London Waterloo station's giant installation of the iconic Stay Puft Marshmallow Man ends this week.

The PR stunt has been used to promote the (somewhat divisive) all-female remake of Ghostbusters. With a flurry of excitement on social media, it’s proved to be a great example of out-of-home advertising. 

Here are four reasons why it worked.

Element of surprise

Commuting in London can be a dramatic experience, and yet funnily enough, you don’t often expect to see a giant marshmallow casually breaking through the ground. 

With research finding that unexpected events can result in more pleasure responses in the brain, brands are increasingly searching for ways to ‘surprise’ and ‘delight’ consumers.

By catching travellers off guard, the Ghostbusters campaign had great impact. With no prior knowledge of the installation or how long it would be there for, people couldn’t help but be drawn into the excitement. 


Before its release on July 11th, social media was awash with people criticising the film, eventually leading the YouTube trailer to become the most disliked of all time.

The response to the actual movie has been a lot more favourable, yet Sony naturally wanted to do something to counteract the condemnation.

By creating something inherently shareable, the Ghostbusters installation succeeded in creating a positive buzz online.

Using the hashtag #ghostbusterswaterloo, passers-by documented it on a variety of social media platforms, sharing their aforementioned surprise and delight with friends and followers alike.

Emotional resonance 

By giving fans an immersive or interactive experience, experiential marketing has the power to stir up positive emotions, in turn making the consumer feel closer to the brand.

One emotion that the Ghostbusters campaign evoked was nostalgia.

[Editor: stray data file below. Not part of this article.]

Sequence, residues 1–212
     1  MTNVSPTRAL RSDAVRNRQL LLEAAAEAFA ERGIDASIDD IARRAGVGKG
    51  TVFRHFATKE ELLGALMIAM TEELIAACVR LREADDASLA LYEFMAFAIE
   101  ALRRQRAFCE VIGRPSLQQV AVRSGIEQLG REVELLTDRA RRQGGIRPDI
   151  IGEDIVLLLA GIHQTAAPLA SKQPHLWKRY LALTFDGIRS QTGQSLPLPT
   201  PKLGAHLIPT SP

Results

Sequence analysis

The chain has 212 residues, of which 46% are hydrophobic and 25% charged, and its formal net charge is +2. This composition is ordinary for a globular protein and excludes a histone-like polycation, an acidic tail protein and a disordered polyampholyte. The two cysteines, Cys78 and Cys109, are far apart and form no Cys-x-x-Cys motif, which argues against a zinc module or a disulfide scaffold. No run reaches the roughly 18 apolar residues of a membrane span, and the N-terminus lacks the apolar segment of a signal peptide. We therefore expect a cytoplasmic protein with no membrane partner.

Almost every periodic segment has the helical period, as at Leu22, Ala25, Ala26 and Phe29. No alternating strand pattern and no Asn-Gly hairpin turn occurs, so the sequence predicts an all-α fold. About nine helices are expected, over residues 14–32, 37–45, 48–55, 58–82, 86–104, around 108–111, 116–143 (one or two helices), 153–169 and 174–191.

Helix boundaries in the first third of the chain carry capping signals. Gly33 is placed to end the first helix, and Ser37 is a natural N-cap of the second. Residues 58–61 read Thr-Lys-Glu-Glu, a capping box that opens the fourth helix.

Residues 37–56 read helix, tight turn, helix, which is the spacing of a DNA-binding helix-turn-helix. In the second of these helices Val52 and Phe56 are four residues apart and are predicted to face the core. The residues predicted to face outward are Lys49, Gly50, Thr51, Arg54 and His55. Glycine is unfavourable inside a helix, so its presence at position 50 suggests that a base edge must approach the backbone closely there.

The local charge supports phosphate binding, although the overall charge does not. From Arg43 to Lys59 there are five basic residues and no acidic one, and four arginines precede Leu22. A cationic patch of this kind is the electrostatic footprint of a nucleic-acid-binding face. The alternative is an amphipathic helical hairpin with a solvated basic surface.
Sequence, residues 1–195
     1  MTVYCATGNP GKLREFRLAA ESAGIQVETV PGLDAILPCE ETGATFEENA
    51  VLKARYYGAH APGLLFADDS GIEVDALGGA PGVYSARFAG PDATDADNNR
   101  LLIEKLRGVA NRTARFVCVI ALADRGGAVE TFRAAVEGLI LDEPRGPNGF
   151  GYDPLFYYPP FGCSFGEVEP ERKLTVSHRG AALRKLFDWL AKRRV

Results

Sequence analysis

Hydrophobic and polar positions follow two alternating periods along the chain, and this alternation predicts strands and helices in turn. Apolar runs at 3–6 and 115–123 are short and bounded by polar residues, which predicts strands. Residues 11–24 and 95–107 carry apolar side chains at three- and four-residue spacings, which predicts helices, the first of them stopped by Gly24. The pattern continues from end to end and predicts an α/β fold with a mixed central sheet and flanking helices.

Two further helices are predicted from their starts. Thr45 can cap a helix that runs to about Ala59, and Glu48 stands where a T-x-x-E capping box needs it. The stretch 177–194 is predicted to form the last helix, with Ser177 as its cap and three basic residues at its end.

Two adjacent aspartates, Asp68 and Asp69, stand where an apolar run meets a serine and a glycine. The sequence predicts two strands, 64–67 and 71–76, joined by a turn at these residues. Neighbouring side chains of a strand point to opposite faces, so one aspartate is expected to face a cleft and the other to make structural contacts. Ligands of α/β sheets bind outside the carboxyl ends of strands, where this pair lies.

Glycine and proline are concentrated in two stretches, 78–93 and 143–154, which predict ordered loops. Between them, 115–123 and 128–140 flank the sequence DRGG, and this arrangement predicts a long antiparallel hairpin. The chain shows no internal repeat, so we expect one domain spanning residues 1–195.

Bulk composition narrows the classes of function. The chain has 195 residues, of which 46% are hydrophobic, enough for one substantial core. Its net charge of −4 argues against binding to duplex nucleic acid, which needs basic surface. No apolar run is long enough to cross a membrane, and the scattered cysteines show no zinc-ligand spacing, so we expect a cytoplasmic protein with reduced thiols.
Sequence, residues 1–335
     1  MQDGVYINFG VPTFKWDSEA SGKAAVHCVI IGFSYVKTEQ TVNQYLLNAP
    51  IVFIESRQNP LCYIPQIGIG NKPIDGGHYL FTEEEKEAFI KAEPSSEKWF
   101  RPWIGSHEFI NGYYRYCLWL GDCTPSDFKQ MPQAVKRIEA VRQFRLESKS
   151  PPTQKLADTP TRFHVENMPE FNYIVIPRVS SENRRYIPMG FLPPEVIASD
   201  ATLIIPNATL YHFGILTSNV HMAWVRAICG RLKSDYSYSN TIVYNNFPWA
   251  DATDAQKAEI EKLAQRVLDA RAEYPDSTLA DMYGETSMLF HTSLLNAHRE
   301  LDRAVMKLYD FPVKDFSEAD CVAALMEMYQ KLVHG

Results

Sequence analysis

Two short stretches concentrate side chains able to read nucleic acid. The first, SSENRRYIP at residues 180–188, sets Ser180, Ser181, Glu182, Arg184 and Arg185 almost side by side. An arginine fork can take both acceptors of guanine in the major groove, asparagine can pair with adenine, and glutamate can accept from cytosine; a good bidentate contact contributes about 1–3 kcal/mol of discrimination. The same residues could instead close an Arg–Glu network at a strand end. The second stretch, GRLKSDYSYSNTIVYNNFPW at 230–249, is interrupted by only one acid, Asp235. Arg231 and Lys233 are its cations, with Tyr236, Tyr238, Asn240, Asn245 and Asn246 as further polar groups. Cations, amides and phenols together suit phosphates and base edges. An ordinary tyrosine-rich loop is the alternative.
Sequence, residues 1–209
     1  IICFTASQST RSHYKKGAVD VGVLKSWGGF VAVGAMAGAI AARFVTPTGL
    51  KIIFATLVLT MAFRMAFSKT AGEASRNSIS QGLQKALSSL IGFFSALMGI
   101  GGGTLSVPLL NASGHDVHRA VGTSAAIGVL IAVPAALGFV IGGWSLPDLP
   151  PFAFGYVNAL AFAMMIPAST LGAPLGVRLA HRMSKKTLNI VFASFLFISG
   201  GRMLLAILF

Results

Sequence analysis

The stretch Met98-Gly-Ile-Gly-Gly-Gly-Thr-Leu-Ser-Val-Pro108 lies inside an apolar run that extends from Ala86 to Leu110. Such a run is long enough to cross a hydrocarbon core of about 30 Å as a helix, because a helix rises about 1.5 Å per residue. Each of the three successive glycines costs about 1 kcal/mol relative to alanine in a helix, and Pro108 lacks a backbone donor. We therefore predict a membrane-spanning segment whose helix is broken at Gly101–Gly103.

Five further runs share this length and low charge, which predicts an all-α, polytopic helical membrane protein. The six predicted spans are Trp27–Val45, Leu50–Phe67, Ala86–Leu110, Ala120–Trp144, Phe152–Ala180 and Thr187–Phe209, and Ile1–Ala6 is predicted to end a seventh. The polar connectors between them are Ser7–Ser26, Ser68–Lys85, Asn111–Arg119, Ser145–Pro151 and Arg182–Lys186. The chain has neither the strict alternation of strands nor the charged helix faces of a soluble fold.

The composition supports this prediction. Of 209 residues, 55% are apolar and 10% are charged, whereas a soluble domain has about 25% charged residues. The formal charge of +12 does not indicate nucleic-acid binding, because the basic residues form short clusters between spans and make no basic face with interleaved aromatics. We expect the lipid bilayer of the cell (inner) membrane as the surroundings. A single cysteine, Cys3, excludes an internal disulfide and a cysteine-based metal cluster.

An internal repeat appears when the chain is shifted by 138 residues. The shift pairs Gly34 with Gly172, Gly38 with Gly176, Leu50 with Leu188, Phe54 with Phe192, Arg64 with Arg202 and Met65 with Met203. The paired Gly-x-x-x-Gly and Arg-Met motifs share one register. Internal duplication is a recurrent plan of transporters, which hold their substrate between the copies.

Instead of promoting new or unfamiliar aspects of the movie, it used the iconic and beloved image of the Marshmallow Man.

This meant that despite any assumptions or ill-feelings towards the new movie, even cynical passers-by would be likely to engage.

Buyer opportunity

As well as being a great spectacle, the Ghostbusters installation at Waterloo also included a clever consumer tie-in, with Forbidden Planet running a retail unit nearby.

Built to look like a New York subway station, the pop-up shop allowed consumers to buy limited edition Odeon tickets and a whole host of souvenirs.

Aiming to capitalise on real-time excitement, it allowed Sony to help drive sales as well as just build excitement. 

With this disruptive campaign, Sony shows that there's no need to be afraid of female leads or experiential marketing.

(Oh and ghosts, let's not forget them.)

Nikki Gilliland

Published 20 July, 2016 by Nikki Gilliland @ Econsultancy

Nikki is a Writer at Econsultancy. You can follow her on Twitter or connect via LinkedIn.

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Comments (1)

Joss Davidge

Joss Davidge, Director of the Unexpected at BEcause Experiential Marketing

Ghostbusters’ Waterloo stunt did a great job of surprising and delighting commuters in London, tapping into nostalgia for the brand through an incredibly shareable, fun and iconic installation. While the franchise’s reboot may have divided fans right down the middle, it has been supported by some great experiential marketing activity.

Madame Tussaud’s in New York recently capitalised on the launch with a multi-layered and sensory tour with virtual reality at its heart ( Making great use of ‘hyper reality’ technology, the Ghostbusters Experience offers a very special opportunity for fans to immerse themselves in the movie and its beloved set-pieces, and goes to show yet again just how versatile immersive technologies can be as story-telling platforms.

almost 2 years ago

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